An emergency team from Médecins Sans Frontières (MSF) is responding to an outbreak of Ebola haemorrhagic fever in Isiro, northeastern Democratic Republic of the Congo (DRC).
So far nine people have died, only one of whom has been confirmed by lab tests as having Ebola. Twelve more people are suspected to have the disease – one has been admitted to the treatment centre in Isiro. One patient who contracted the disease has made a full recovery.
The MSF team is implementing safety measures at the Ebola treatment centre in Isiro to contain the virus.
Since late July, another MSF emergency team has been responding to an outbreak of Ebola in Kibaale district, western Uganda, which has killed 17 people. However, these two outbreaks involve different strains of the virus: the Bundibugyo strain in DRC and the Sudan strain in western Uganda.
“The outbreak in Uganda and the one in DRC are not related,” says Olimpia de la Rosa, MSF emergency coordinator. “This strengthens the idea that the Ebola virus is transmitted by close contact, making it less likely to cross borders.”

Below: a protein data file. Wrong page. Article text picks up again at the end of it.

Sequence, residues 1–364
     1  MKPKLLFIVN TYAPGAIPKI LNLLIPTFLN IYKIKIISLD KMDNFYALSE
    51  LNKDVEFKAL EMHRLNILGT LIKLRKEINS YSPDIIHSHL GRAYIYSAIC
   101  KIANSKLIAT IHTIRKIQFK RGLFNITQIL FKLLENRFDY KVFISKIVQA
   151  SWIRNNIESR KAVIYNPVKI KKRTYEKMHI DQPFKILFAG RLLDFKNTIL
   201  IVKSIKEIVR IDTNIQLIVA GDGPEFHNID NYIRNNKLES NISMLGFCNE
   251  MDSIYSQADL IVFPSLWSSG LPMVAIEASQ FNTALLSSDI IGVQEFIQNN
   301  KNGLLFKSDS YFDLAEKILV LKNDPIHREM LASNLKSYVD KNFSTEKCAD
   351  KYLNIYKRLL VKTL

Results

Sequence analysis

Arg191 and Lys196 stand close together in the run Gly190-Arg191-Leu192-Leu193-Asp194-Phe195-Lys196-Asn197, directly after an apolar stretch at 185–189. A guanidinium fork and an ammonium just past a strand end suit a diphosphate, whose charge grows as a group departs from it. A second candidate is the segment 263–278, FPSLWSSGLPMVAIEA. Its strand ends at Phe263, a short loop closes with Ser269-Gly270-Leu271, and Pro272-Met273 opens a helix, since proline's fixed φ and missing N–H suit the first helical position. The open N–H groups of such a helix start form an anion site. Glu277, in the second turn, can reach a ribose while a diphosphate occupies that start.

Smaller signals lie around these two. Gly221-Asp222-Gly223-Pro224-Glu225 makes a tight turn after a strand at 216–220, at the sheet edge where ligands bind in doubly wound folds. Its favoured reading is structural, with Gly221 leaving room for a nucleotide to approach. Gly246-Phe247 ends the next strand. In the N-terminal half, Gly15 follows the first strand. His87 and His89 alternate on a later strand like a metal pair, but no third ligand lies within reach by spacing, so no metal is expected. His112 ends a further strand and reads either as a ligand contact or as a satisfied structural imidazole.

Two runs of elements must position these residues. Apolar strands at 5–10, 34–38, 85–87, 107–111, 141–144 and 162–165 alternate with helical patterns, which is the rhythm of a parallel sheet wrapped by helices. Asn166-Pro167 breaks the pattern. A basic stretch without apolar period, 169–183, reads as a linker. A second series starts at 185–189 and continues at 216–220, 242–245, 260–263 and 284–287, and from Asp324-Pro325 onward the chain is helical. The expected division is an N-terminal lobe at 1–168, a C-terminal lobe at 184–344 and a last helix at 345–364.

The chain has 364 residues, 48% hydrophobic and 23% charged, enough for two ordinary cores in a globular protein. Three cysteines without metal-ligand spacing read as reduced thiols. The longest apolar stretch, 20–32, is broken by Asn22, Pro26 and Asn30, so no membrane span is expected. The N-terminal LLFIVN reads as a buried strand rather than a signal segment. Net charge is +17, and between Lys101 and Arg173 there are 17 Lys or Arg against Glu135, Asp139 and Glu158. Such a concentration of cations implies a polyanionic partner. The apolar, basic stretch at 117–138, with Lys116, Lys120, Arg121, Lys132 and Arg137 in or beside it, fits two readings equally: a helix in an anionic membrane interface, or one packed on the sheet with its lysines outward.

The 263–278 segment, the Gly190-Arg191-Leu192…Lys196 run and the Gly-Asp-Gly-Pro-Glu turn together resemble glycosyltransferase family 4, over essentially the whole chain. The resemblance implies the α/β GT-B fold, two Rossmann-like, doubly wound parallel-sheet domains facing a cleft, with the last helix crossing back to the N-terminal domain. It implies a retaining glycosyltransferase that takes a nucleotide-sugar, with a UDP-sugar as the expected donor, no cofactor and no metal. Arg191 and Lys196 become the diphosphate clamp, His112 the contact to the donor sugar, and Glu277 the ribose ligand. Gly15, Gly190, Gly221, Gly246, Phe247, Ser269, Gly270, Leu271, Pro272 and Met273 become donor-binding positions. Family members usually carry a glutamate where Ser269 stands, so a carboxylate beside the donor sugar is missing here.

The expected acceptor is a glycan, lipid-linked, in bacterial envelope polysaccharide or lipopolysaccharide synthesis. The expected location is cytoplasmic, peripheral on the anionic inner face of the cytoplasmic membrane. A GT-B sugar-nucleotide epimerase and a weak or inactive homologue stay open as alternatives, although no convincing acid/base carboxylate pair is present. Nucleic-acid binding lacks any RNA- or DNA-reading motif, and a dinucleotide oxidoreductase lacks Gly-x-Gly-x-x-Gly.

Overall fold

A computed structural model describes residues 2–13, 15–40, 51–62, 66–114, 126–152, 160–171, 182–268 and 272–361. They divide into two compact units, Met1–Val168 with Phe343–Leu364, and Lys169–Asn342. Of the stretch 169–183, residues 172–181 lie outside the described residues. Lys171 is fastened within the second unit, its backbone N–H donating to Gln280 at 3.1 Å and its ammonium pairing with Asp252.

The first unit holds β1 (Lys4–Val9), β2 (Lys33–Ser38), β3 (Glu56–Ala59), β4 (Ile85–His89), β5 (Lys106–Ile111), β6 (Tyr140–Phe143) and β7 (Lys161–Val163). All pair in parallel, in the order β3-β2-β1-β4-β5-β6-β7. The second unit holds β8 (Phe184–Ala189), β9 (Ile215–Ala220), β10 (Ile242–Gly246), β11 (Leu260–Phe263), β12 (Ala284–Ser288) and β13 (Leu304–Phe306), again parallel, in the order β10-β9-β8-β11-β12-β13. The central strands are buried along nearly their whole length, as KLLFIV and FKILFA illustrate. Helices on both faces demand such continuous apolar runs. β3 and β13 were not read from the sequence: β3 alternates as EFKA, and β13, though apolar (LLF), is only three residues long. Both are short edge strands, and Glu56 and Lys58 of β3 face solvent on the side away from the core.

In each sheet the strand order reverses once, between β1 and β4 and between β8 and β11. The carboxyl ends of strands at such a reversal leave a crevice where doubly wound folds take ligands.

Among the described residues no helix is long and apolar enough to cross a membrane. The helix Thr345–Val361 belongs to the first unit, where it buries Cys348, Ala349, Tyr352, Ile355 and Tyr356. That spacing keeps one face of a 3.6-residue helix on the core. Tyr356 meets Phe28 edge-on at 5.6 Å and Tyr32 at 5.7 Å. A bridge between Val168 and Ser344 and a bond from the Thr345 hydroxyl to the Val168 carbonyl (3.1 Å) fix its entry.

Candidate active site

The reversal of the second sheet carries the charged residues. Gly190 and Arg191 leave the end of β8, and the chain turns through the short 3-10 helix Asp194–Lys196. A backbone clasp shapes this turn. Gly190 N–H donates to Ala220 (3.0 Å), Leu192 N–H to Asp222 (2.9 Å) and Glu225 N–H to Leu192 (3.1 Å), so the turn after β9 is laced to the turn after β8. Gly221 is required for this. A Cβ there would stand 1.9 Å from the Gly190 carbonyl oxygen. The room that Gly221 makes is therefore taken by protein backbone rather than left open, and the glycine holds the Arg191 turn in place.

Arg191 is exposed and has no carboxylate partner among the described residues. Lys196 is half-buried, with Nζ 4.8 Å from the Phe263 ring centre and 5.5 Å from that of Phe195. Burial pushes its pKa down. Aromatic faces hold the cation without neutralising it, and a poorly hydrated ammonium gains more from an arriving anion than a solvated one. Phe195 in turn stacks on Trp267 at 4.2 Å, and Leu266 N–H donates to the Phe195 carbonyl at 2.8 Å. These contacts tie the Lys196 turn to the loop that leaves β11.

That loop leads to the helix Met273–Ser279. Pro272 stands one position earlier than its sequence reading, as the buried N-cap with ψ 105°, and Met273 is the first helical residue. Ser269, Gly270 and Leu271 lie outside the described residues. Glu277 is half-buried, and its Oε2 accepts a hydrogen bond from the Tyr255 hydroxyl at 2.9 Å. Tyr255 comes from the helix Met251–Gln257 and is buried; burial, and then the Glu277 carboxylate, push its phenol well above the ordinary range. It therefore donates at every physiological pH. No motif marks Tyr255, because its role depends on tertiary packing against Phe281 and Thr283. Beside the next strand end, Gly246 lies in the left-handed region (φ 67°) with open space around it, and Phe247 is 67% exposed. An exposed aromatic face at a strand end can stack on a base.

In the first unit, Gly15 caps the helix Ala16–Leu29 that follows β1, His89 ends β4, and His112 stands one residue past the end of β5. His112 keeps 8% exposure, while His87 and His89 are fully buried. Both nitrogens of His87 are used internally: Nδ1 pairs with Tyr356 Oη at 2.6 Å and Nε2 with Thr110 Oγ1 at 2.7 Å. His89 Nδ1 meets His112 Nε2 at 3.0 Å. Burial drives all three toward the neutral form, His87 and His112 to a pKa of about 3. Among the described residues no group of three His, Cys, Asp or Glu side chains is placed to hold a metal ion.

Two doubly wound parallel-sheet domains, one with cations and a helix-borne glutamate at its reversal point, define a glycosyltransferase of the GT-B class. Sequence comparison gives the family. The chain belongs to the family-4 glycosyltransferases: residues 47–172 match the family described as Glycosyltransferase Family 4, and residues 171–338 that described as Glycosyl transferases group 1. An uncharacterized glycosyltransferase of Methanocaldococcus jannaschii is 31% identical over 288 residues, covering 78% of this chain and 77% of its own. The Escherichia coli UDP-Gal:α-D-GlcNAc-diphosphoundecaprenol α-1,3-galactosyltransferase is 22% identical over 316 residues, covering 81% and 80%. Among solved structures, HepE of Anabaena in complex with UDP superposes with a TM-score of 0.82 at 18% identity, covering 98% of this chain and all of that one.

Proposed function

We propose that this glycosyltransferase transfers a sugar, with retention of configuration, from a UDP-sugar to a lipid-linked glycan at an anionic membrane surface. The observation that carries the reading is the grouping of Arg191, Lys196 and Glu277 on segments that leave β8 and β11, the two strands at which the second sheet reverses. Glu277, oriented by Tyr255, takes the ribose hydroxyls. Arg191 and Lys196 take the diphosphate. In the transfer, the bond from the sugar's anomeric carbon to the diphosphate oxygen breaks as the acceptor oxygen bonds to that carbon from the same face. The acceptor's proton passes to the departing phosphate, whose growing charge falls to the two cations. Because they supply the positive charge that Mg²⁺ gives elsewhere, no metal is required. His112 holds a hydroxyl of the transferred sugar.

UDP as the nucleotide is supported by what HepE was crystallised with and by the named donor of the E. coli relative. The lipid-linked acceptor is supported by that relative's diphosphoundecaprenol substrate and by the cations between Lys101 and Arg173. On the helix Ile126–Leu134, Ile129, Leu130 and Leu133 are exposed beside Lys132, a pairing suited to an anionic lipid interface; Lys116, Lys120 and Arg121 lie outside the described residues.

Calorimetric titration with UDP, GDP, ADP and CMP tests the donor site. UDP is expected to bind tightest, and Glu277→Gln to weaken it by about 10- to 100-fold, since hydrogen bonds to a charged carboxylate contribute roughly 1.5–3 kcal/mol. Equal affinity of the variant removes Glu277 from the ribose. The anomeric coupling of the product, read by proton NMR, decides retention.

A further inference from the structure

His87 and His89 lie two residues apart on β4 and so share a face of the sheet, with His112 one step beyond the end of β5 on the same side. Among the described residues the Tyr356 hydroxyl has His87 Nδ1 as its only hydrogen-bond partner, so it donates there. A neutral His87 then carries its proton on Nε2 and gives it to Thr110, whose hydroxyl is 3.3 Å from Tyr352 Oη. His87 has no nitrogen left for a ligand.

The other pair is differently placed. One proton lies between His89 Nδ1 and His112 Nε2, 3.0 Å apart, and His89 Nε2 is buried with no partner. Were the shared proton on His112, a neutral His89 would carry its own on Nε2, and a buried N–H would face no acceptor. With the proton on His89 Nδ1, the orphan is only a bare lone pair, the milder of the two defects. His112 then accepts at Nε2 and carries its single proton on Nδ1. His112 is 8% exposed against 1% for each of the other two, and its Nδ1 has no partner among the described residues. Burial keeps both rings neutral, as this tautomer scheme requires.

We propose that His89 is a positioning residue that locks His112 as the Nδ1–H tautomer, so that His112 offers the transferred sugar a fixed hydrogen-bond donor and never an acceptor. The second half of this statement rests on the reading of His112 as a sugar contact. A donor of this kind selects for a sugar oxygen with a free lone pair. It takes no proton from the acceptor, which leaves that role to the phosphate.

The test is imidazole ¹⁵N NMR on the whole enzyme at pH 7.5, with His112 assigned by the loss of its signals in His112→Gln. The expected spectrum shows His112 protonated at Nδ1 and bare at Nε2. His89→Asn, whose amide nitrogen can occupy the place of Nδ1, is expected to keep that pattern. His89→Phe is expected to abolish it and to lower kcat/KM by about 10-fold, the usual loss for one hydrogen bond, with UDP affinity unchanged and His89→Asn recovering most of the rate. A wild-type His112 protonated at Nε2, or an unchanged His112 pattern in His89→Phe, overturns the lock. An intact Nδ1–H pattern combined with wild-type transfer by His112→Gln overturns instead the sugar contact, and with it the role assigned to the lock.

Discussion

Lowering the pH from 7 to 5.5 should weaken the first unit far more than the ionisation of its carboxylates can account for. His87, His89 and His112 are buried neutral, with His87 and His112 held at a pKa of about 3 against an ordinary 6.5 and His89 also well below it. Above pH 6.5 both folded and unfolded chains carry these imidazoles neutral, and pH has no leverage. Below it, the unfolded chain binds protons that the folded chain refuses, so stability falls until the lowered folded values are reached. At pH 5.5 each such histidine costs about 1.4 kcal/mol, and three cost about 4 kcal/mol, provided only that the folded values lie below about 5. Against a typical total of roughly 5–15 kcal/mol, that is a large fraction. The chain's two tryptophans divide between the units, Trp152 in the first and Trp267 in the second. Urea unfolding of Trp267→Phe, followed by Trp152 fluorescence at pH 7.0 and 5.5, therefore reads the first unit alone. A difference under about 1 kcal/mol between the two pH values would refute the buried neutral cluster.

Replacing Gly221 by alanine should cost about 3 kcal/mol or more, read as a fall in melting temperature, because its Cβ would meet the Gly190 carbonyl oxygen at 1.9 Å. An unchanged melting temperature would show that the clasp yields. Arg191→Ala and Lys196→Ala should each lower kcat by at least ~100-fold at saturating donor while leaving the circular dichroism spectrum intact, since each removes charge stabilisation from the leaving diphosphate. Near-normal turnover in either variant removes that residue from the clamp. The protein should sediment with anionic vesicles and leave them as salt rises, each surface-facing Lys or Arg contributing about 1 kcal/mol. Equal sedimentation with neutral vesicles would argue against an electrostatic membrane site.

An MSF team continues to work in Kibaale, Uganda, with the Ugandan Ministry of Health and organisations including the Ugandan Red Cross, the US Centers for Disease Control and the World Health Organization. Indications are that the epidemic centred in the town of Kagadi has been successfully contained. The last confirmed case of Ebola was reported on 4 August. An outbreak is considered to be at an end after 42 days without any new confirmed cases.
Ebola haemorrhagic fever was detected for the first time in humans in 1976 in Zaire (now DRC). It is transmitted through body fluids and, depending on the strain of the virus and people’s genetic susceptibility to the disease, can have a high mortality rate.